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Transcript
Australian Government Minister for the Environment and Heritage
The Hon Dr David Kemp, MP

3AW Morning with Ross Warneke
Thursday, 18 December 2003

Subject: Discussion on Distinctively Australian, the New National Heritage System


Compere:
What are Australia's most sacred sites? Interesting question isn't it? Bondi beach, the Melbourne Cricket Ground, the Birdsville Pub, Port Arthur. What do you reckon? The reason I raise that is that in Canberra today the Prime Minister, Mr Howard, is expected to announce that Anzac Cove at Gallipoli is to be nominated as the first site on a new national heritage list. After that all of us will be invited to add our own nominations to the list.

Okay I can hear many of you saying ‘hold on we've already got a Register of the National Estate' which has, as I understand it, about 13000 sites on its database. What's this new register all about?

Well, from what I gather it's going to be the mother of all heritage lists. A list of extra special places that simply cannot be touched.

Joining me on the line to talk about it Federal Environment and Heritage Minister, Dr David Kemp. Good morning.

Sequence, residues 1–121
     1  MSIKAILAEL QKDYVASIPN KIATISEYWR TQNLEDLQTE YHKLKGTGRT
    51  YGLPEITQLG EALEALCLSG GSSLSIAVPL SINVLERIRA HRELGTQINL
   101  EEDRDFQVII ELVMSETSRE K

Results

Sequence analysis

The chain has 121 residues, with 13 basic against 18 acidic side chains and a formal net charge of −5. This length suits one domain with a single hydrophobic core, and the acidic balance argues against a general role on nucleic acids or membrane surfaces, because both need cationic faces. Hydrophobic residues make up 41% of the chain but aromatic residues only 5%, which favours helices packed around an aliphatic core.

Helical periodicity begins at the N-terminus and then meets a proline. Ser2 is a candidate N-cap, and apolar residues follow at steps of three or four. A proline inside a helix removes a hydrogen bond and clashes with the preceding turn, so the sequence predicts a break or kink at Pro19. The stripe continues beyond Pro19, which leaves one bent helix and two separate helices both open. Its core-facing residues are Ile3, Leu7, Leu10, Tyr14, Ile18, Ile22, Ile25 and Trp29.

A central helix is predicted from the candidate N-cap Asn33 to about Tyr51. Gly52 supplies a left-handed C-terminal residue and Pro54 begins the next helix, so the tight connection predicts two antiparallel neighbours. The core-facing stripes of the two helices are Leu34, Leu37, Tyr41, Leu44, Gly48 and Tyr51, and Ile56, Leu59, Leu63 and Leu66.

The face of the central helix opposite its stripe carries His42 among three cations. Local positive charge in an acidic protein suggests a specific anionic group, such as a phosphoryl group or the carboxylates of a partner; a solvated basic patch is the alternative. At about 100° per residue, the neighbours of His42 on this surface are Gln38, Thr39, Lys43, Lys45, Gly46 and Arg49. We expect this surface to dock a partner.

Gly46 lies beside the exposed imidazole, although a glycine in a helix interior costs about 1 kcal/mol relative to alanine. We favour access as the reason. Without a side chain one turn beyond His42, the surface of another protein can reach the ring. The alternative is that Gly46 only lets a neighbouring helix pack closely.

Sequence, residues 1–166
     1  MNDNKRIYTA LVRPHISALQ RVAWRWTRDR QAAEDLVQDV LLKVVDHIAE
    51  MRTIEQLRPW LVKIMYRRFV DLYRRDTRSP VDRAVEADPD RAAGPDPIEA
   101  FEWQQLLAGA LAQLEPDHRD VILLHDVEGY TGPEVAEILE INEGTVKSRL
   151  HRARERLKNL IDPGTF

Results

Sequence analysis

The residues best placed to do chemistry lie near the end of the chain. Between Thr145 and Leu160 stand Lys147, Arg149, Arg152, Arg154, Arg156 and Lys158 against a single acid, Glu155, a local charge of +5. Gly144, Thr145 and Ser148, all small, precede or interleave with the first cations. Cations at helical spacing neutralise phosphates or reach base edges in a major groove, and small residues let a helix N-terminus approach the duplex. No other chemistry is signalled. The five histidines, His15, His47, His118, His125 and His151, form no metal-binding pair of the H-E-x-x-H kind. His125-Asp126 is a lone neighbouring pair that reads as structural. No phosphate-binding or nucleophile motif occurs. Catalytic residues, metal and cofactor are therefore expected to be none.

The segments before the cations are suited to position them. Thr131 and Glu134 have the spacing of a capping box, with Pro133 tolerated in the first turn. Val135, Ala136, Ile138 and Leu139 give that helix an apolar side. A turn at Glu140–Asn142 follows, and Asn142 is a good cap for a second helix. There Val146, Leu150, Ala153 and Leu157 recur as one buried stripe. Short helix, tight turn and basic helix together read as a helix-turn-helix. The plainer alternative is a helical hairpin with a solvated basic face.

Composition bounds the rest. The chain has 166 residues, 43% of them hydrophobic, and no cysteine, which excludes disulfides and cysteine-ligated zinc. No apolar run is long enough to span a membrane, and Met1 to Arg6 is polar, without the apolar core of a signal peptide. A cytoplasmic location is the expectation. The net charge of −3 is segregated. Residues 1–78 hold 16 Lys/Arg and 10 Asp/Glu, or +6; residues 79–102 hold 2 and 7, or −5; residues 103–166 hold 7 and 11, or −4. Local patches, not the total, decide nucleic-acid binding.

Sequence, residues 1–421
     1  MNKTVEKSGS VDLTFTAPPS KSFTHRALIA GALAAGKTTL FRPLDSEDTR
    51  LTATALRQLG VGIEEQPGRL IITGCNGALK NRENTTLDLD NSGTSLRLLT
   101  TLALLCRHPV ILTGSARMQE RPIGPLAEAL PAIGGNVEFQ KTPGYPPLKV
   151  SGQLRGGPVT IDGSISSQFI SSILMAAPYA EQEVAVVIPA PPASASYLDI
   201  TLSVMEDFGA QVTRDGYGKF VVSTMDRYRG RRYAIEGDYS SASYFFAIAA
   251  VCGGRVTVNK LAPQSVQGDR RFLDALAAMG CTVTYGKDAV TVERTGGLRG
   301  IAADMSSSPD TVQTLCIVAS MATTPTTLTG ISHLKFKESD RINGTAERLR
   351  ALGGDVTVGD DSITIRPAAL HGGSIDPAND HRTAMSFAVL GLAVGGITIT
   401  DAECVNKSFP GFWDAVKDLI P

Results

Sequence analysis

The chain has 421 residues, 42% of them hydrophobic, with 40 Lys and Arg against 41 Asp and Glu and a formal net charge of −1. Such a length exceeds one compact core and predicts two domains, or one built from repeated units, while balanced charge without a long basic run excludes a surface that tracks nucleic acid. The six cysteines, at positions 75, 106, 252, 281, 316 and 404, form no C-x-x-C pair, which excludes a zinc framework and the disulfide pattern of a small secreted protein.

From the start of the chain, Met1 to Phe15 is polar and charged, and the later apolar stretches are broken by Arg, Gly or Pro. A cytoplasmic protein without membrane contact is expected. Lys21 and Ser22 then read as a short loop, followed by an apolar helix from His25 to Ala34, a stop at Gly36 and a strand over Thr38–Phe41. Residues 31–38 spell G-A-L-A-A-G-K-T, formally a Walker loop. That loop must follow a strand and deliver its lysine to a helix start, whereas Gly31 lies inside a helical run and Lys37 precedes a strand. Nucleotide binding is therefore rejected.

Dr Kemp:
Good morning, Ross.

Compere:
Tell us about this new list. Why do we need it?

Dr Kemp:
Well, because up till now we've never had any way of properly identifying the heritage sites which are really of national significance and which deserve to have the full protection of the law given to them and to be properly managed for the future.

As you said, the Register of the National Estate is a very long list. It's got round about 14,000 items on it actually, and none of those are really properly protected under that list. It's simply an indicative list that tells us what items all around the country - whether they're of national significance or local significance - people think are important parts of our heritage. And that's very good as far as it goes.

But what we really need is a way of identifying those places that are of real significance to Australia's national identity. The list is going to be a much shorter list. A list of items that Australians will immediately respond to.